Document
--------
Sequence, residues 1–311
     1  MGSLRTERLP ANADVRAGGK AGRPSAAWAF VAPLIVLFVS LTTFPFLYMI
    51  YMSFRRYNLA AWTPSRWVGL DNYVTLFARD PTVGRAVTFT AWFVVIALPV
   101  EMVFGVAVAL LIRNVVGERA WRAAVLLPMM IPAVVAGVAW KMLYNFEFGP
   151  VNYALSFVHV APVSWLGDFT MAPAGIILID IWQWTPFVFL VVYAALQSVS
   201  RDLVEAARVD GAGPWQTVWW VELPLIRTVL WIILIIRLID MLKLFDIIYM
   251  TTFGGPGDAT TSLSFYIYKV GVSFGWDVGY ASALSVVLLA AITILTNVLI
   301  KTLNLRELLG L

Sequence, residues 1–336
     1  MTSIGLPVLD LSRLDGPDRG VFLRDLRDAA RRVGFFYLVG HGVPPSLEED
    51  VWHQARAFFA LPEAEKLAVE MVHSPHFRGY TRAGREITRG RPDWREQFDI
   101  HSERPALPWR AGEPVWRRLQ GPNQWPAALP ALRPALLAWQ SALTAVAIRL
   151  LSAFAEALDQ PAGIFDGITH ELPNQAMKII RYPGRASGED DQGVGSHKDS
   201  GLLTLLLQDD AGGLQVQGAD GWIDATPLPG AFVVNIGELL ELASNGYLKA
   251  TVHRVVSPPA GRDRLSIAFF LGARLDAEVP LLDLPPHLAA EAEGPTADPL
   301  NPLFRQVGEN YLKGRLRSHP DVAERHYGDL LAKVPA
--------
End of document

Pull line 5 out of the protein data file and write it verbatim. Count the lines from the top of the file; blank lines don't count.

   151  VNYALSFVHV APVSWLGDFT MAPAGIILID IWQWTPFVFL VVYAALQSVS